ACLU Lawyer: A Hillary Clinton Travel Ban Would Have Been Fine
President Trump’s travel ban is being reviewed by Virginia’s Fourth Circuit Court of Appeals this week in what promises to be a major test of the executive branch’s authority when it comes to admitting foreigners into the United States. Of course, if Monday’s proceedings are any indication, this case might be less about the generic powers of the president and more about the specific powers of Donald J. Trump.
You might think these would be one in the same, since Trump is, after all, the president of the United States. But that’s apparently not so. Now, anyone who has followed this case already suspected as much. The statutes are clear, as we’ve seen. There is no reasonable legal dispute to be made. This has been a political war from the beginning, and now the left is even beginning to admit it.
To wit: Omar Jadwat, a lawyer for the American Civil Liberties Union, admitted to the court on Monday that if President Hillary Clinton had signed the exact same executive order banning travel from six dangerous Middle Eastern countries…why, it would have probably been just fine with the ACLU.
In the hearing, Judge Paul Niemeyer asked, “If a different candidate had won the election and then issued this order, I gather you wouldn’t have any problem with that?”
After some stalling on the part of Jadwat, Niemeyer rephrased the question: “We have a candidate who won the presidency – some candidate other than President Trump won the presidency and then chose to issue this particular order with whatever counsel he took. Do I understand that just in that circumstance, the executive order should be honored?”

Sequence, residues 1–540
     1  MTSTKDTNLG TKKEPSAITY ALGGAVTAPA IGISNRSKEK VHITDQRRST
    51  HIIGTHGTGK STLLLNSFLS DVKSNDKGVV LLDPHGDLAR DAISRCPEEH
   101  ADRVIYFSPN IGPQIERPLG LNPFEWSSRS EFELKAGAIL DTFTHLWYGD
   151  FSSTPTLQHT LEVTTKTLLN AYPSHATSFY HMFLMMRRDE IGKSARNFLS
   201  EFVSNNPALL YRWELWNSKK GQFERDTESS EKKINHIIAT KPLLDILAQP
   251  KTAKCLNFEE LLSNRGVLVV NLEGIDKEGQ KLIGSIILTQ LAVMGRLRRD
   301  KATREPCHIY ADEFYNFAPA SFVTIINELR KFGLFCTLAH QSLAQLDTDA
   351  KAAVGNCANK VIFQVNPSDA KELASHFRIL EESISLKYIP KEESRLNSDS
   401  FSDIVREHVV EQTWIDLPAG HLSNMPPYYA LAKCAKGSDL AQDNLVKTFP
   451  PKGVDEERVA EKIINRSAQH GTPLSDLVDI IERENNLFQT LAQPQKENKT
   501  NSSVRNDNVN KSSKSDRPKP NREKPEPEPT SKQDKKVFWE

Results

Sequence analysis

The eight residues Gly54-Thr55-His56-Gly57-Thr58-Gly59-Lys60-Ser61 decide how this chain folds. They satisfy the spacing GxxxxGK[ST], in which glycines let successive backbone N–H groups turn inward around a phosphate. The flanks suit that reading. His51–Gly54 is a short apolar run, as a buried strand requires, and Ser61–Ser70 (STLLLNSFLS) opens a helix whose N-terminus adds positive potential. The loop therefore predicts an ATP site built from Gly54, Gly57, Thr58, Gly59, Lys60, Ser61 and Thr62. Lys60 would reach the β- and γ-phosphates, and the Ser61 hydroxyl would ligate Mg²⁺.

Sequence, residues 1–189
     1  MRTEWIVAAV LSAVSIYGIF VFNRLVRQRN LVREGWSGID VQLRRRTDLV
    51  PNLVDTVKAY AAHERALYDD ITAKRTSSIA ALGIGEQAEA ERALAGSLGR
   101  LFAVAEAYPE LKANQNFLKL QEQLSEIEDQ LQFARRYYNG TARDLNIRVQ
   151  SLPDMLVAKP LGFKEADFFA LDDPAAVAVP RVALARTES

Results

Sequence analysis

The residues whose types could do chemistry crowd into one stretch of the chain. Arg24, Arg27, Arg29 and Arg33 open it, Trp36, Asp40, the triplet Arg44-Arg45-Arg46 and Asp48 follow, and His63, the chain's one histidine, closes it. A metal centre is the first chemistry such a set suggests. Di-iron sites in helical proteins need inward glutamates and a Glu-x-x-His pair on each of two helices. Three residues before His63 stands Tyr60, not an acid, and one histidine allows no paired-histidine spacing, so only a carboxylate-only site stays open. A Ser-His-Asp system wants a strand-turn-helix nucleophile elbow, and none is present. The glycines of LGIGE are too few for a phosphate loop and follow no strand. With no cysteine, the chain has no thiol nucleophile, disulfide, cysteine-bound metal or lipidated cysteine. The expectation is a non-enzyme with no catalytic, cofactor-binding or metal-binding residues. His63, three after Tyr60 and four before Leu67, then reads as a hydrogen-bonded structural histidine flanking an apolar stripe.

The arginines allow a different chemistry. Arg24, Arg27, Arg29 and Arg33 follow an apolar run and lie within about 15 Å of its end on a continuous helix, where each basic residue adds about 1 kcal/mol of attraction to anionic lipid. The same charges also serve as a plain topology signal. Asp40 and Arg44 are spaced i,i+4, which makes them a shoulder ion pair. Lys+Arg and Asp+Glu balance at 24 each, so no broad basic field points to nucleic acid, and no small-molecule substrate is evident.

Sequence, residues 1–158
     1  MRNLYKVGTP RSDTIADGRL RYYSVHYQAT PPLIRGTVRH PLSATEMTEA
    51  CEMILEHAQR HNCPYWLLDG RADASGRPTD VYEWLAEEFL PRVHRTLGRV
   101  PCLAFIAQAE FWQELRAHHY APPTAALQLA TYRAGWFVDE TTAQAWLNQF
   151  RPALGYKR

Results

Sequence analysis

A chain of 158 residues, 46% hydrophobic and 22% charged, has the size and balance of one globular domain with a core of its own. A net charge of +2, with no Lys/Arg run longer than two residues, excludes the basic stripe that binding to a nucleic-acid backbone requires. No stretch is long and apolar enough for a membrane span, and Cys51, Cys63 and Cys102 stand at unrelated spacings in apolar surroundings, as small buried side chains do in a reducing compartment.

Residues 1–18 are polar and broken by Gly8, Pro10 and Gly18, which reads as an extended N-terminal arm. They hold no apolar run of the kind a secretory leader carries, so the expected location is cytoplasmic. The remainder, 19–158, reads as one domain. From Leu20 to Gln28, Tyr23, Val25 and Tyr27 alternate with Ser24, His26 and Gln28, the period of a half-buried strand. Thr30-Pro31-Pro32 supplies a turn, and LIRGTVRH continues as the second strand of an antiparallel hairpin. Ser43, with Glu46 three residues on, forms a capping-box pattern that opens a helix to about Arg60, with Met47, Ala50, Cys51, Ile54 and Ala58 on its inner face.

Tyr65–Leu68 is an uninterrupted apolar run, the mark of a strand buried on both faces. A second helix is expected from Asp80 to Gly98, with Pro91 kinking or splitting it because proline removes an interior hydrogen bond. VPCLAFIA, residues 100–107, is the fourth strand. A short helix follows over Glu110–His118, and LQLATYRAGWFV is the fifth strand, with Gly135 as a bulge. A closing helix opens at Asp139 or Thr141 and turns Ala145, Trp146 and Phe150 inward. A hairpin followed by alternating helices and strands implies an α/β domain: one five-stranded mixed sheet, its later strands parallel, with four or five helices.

Astoundingly, Jadwat said, “Yes, your honor. I think in that case, it could be constitutional.”
Just…wow. It’s one thing for everyone to “know” (wink, wink) that this is the case; it’s quite another for the plaintiffs to come right out and admit it in open court. In what universe can the Fourth Circuit possibly arrive at any ruling other than a complete dismissal of the original stay? It would be legal malpractice of the highest order!
But of course, Trump’s travel ban remains in jeopardy because the bulk of the ACLU’s argument rests on the (extraordinarily ridiculous) claim that it is unconstitutional NOT because of the text of the order but because Trump talked about a Muslim ban on the campaign trail. We’re way out into the margins of Fantasy Land on this one. Here’s hoping the Fourth Circuit can return us to reality.
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